In the pre-trial hearing, Slater and Gordon will argue that the English high court is bound by a finding by the KBA, the German type approval body, that Volkswagen’s software includes a defeat device. Volkswagen will counter that it believes the “switching function” between test and road modes “used in the UK and the EU is legal”.
If Slater and Gordon argues this point successfully, it then has to establish ‘causation’ and prove a link between damage or harm to the car and the defeat device software. It may be more difficult to convince the judge of this.
Volkswagen is firm that “our UK customers have not suffered any loss or damage as a result of the NOx issue. The affected vehicles are safe and roadworthy and perform as advertised.”
Slater and Gordon argues that the cars were sold “deceitfully” and could not be lawfully sold, but once the Dieselgate scandal was exposed and Volkswagen recalled cars for a technical fix, owners suffered poorer mpg, CO2 and drivability.
The headline-grabbing final point will be the size of any multimillion-pound payout, based on the losses suffered by motorists. Slater and Gordon is aiming to prove that owners have lost out on residual value owing to the defeat device and in terms of issues caused by the fix.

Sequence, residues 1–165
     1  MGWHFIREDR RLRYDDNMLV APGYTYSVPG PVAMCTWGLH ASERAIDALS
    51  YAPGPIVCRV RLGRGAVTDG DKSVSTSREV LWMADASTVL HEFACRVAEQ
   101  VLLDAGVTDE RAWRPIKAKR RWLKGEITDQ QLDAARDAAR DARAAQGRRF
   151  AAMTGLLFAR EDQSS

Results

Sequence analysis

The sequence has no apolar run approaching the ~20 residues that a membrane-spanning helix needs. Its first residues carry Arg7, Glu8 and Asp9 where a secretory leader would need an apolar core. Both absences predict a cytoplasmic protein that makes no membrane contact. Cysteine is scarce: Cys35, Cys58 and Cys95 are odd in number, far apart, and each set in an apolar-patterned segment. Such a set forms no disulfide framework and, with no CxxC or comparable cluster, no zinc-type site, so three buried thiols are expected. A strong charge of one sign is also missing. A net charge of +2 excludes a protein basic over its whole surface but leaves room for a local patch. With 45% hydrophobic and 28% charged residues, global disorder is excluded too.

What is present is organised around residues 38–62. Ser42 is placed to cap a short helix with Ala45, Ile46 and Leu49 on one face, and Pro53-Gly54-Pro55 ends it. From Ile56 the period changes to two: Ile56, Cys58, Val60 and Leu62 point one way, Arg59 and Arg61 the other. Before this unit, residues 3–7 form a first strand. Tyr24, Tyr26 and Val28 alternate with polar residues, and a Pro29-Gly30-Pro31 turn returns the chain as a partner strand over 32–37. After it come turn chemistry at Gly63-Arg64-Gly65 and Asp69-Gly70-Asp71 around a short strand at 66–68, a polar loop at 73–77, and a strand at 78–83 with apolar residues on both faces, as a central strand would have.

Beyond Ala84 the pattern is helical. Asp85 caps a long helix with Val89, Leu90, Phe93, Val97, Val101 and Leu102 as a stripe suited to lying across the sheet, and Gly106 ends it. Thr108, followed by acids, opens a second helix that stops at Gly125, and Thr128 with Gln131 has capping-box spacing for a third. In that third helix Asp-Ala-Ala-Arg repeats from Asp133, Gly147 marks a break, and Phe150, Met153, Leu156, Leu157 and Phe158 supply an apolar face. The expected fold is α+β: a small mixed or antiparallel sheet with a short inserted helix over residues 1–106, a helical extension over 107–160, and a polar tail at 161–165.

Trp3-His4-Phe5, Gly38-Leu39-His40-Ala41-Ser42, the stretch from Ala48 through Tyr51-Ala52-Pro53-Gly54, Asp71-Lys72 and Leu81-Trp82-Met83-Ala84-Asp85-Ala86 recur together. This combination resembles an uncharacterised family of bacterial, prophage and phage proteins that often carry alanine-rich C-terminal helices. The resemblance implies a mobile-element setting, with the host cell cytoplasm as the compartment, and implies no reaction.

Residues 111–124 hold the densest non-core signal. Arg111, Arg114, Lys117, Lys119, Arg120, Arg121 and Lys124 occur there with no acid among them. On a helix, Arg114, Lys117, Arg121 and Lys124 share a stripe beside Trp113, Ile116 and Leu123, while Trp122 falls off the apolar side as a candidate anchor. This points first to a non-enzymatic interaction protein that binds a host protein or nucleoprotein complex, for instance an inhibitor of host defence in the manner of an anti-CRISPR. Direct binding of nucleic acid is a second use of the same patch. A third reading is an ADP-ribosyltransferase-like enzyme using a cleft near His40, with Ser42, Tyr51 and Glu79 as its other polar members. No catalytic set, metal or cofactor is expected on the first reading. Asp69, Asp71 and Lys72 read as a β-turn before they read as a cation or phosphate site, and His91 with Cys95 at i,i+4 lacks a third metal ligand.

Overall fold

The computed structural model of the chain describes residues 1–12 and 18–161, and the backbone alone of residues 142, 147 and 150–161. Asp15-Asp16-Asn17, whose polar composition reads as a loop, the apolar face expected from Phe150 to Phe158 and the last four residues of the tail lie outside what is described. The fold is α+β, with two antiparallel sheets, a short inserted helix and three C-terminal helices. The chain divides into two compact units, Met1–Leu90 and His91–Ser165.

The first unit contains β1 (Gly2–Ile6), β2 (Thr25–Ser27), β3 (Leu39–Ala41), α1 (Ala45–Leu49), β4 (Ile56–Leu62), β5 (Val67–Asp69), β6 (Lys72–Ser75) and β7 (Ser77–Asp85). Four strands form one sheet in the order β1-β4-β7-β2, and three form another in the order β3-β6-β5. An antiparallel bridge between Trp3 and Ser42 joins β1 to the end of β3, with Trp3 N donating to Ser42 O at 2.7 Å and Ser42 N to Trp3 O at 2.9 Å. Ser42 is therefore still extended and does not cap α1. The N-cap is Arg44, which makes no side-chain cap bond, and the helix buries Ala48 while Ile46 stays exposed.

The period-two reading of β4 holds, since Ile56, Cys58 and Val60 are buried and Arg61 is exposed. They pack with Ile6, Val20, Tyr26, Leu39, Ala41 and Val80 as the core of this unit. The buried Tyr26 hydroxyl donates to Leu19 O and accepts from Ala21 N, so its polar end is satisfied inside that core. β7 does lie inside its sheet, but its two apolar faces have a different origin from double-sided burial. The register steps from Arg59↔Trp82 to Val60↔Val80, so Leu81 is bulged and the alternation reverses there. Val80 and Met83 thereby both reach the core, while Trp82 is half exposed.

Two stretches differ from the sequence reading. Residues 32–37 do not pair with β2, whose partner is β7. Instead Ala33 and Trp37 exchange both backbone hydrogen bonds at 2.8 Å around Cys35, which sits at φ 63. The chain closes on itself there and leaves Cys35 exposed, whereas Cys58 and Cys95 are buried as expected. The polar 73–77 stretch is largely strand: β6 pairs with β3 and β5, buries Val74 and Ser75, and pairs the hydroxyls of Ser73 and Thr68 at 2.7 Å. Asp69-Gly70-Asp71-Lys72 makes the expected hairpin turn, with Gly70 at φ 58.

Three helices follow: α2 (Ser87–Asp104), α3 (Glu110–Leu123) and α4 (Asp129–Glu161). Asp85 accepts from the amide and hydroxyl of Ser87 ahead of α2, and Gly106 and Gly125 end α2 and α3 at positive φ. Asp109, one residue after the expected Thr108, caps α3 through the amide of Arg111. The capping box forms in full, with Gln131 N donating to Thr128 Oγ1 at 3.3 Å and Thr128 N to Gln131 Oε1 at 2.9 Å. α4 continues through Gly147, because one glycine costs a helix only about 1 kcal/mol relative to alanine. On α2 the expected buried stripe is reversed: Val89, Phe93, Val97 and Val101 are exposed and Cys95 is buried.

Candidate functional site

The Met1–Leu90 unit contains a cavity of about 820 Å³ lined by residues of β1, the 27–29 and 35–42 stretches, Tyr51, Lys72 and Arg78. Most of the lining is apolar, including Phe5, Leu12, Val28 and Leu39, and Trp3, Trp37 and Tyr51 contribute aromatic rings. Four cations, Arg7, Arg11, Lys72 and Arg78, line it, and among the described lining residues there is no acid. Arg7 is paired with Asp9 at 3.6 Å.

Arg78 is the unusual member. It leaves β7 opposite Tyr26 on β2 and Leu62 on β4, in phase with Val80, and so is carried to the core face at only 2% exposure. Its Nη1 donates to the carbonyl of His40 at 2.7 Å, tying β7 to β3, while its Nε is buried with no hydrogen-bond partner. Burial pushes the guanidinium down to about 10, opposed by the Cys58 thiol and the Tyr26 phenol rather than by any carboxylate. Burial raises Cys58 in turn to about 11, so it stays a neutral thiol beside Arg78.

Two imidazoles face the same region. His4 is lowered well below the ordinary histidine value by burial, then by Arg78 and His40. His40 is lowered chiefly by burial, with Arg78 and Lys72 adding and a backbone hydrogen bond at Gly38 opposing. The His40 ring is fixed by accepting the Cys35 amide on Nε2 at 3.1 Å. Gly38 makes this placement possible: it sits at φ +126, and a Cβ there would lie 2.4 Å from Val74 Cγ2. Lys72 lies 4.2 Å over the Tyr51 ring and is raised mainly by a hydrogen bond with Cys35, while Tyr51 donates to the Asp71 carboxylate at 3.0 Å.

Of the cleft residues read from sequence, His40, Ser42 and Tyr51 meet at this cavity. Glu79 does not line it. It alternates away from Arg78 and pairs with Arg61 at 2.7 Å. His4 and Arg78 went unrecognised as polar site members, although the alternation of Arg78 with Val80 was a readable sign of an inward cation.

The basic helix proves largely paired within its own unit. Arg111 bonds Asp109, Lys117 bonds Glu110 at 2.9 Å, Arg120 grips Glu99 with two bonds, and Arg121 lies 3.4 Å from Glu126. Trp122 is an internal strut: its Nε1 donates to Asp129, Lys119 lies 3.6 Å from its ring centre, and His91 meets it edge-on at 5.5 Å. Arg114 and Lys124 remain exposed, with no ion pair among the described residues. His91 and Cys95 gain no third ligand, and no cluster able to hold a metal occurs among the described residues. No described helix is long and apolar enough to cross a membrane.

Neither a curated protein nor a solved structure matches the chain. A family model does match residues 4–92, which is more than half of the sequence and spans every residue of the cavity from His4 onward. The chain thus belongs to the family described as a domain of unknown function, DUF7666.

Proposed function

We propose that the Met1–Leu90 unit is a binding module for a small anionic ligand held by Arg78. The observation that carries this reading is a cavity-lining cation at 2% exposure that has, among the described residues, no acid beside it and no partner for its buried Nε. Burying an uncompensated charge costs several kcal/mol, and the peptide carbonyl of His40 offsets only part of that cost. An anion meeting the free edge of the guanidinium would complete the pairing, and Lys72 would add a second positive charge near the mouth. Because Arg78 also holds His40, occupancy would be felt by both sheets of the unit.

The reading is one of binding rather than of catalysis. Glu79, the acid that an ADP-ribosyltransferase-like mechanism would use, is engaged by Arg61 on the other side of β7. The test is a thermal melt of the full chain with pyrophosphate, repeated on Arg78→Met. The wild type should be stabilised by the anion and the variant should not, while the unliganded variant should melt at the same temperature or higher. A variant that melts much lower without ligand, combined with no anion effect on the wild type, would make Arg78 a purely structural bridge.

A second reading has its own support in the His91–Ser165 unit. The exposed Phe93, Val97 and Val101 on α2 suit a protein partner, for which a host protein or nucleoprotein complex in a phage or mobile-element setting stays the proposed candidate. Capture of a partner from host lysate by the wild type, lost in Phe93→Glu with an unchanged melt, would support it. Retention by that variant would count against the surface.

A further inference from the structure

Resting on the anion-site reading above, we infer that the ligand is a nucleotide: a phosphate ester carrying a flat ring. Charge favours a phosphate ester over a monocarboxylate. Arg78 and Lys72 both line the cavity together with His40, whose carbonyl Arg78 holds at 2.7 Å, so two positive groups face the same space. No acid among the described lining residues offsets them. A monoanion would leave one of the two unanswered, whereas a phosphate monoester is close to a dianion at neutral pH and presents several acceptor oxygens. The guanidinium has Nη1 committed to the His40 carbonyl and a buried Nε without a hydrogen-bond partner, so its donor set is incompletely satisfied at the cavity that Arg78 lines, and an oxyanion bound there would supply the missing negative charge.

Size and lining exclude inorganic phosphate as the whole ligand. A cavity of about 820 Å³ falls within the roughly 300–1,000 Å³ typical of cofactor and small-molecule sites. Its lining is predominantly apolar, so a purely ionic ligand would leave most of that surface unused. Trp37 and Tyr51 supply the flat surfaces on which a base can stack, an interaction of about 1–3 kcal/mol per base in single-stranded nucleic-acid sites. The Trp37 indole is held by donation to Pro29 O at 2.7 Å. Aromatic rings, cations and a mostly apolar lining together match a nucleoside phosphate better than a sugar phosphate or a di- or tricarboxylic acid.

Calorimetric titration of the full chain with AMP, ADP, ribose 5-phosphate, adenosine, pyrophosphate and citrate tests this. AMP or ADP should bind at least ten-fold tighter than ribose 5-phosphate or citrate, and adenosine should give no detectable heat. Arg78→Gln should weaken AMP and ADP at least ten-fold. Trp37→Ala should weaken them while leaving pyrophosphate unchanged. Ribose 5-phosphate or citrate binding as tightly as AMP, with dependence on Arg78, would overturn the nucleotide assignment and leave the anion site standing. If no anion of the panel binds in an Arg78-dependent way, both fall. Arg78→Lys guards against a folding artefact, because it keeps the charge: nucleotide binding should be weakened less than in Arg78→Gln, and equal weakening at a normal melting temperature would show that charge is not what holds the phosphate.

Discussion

“Our clients tell us the fix has made vehicles less fuel efficient, has impacted performance and resulted in instances of vehicles going into limp-home mode in dangerous circumstances,” said Slater and Gordon.
Finally, it is pushing for “exemplary damages” to punish Volkswagen for its alleged deceit.
Volkswagen, of course, will attempt to demonstrate evidence to the contrary – that there has been no adverse impact on residual value, CO2, mpg or engine performance. And it stresses that the “fix” resolved “the vast majority of complaints to our customers’ satisfaction”.
If it looks as though the damages might fall short of expectations and won’t cover the legal costs, the case could be settled out of court.
More twists and turns are to be expected as the case meanders its way into court later this year, but affected motorists and Volkswagen can at least look forward to the protracted process finally being resolved by the end of 2020.
How will damages be decided?
Behind the scenes, Volkswagen is understood to have undertaken a research project into the effects on residual values – which is where the biggest losses might be crystallised.